The cost of capital is the weighted-average, after-tax cost of a corporation's long-term debt, preferred stock, and the stockholders' equity associated with common stock. The cost of capital is a percentage and it is often used to compute the net present value of the cash flows in a proposed investment. It is also considered to be the minimum after-tax internal rate of return to be earned on new investments.

For a profitable corporation, the costs of bonds and other long-term loans are usually the least expensive components of the cost of capital. One reason is that the interest will be deductible for U.S. income taxes. For example, a corporation paying 6% on its loans may have an after-tax cost of 4% when its combined federal and state income tax rate is 33%. On the other hand, the dividends paid on the corporation's preferred and common stock are not tax deductible.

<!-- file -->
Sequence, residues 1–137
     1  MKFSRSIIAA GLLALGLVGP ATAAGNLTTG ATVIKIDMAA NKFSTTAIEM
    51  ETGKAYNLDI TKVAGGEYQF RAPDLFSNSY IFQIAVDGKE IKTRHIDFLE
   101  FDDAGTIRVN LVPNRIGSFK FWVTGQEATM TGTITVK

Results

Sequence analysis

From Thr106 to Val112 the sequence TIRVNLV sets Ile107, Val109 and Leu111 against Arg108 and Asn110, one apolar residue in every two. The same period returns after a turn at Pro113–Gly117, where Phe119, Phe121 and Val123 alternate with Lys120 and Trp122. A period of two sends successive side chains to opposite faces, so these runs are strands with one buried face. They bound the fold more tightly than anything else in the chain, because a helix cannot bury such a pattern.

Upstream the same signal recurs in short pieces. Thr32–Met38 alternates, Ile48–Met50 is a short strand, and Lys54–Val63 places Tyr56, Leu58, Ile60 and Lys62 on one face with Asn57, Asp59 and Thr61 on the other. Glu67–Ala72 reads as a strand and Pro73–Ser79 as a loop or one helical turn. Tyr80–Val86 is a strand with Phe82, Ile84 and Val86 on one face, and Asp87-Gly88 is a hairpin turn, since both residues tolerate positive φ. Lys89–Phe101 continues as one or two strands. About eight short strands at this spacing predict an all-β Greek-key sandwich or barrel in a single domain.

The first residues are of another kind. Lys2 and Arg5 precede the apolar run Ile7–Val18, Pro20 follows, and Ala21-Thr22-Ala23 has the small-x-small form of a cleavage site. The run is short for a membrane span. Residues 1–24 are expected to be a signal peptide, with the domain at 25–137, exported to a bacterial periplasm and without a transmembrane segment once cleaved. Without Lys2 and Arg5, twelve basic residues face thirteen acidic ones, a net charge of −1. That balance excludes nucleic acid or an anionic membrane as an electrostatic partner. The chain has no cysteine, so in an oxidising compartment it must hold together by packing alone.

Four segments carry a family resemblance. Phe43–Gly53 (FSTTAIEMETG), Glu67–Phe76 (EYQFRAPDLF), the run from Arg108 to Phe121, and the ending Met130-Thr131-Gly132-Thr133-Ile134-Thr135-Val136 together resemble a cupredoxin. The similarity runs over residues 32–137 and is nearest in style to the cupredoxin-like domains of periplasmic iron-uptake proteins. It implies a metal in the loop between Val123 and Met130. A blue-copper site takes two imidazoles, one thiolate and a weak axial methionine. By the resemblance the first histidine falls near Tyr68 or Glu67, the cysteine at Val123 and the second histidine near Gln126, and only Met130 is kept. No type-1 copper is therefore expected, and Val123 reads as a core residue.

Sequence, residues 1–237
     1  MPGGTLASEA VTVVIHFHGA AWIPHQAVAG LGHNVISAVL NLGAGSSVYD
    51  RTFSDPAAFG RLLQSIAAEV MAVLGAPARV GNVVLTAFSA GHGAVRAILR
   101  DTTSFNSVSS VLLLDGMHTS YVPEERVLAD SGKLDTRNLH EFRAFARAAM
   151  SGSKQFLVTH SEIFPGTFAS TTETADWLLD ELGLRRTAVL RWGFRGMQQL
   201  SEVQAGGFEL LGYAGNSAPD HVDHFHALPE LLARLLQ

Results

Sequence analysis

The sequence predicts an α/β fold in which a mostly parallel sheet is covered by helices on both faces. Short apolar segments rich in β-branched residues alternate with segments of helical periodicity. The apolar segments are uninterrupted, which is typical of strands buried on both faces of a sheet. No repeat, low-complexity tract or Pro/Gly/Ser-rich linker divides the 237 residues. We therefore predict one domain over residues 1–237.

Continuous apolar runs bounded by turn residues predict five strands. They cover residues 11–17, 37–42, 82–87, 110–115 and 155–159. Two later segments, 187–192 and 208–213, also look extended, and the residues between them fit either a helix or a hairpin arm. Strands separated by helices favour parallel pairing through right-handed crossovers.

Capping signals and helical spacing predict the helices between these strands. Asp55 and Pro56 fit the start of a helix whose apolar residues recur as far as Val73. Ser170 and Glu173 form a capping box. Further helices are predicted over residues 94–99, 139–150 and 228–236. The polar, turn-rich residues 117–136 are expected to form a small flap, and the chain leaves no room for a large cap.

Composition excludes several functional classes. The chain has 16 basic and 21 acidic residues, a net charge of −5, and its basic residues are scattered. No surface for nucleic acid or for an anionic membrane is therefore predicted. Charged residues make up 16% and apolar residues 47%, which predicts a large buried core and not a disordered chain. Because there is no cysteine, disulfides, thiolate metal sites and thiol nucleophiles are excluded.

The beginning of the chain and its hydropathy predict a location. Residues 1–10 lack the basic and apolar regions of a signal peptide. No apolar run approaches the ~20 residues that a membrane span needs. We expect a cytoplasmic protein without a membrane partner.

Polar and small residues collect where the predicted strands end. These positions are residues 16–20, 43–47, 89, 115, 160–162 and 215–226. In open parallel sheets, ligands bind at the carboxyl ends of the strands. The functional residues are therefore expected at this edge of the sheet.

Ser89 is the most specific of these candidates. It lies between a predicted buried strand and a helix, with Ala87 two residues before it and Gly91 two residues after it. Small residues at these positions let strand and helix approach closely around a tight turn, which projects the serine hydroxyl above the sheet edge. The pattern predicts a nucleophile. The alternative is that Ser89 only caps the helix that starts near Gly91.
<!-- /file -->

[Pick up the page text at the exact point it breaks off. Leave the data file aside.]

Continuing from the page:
The cost of common stock (paid-in capital and retained earnings) is considered to be the most expensive component of the cost of capital because of the risks involved.

Let's compute the cost of capital by assuming that a corporation has $40 million of long-term debt with an after-tax cost of 4%, $10 million of 7% preferred stock, and $50 million of common stock and retained earnings with an estimated cost of 15%. Its weighted-average, after-tax cost of capital is: ($40 million X 4% = $1.6 million) + ($10 million X 7% = $0.7 million) + ($50 million X 15% = $7.5 million) = $9.8 million divided by $100 million = 9.8%.

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